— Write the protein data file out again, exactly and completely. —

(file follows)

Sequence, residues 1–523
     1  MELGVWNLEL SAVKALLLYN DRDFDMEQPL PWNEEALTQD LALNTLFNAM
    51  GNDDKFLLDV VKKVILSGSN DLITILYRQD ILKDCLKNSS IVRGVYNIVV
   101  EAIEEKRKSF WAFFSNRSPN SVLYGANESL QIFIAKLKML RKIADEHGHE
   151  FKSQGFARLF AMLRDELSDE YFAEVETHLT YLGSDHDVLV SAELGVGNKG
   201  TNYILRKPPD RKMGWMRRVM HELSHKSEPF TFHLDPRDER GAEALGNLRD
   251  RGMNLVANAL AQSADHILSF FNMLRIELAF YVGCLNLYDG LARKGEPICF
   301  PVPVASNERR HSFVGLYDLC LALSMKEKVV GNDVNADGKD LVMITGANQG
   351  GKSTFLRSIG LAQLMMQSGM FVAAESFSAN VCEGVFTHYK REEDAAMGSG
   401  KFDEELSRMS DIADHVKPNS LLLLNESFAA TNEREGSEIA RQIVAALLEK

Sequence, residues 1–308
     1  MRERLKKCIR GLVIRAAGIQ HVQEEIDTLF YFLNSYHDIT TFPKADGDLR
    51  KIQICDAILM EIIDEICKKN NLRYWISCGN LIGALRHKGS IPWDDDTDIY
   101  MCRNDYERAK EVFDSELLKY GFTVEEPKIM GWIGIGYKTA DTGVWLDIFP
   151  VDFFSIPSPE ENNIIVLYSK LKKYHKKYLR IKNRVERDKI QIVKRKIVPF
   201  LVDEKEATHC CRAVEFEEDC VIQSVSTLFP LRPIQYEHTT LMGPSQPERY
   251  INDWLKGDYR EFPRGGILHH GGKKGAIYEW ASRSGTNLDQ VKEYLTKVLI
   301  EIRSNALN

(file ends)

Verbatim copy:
Sequence, residues 1–523
     1  MELGVWNLEL SAVKALLLYN DRDFDMEQPL PWNEEALTQD LALNTLFNAM
    51  GNDDKFLLDV VKKVILSGSN DLITILYRQD ILKDCLKNSS IVRGVYNIVV
   101  EAIEEKRKSF WAFFSNRSPN SVLYGANESL QIFIAKLKML RKIADEHGHE
   151  FKSQGFARLF AMLRDELSDE YFAEVETHLT YLGSDHDVLV SAELGVGNKG
   201  TNYILRKPPD RKMGWMRRVM HELSHKSEPF TFHLDPRDER GAEALGNLRD
   251  RGMNLVANAL AQSADHILSF FNMLRIELAF YVGCLNLYDG LARKGEPICF
   301  PVPVASNERR HSFVGLYDLC LALSMKEKVV GNDVNADGKD LVMITGANQG
   351  GKSTFLRSIG LAQLMMQSGM FVAAESFSAN VCEGVFTHYK REEDAAMGSG
   401  KFDEELSRMS DIADHVKPNS LLLLNESFAA TNEREGSEIA RQIVAALLEK

Sequence, residues 1–308
     1  MRERLKKCIR GLVIRAAGIQ HVQEEIDTLF YFLNSYHDIT TFPKADGDLR
    51  KIQICDAILM EIIDEICKKN NLRYWISCGN LIGALRHKGS IPWDDDTDIY
   101  MCRNDYERAK EVFDSELLKY GFTVEEPKIM GWIGIGYKTA DTGVWLDIFP
   151  VDFFSIPSPE ENNIIVLYSK LKKYHKKYLR IKNRVERDKI QIVKRKIVPF
   201  LVDEKEATHC CRAVEFEEDC VIQSVSTLFP LRPIQYEHTT LMGPSQPERY
   251  INDWLKGDYR EFPRGGILHH GGKKGAIYEW ASRSGTNLDQ VKEYLTKVLI
   301  EIRSNALN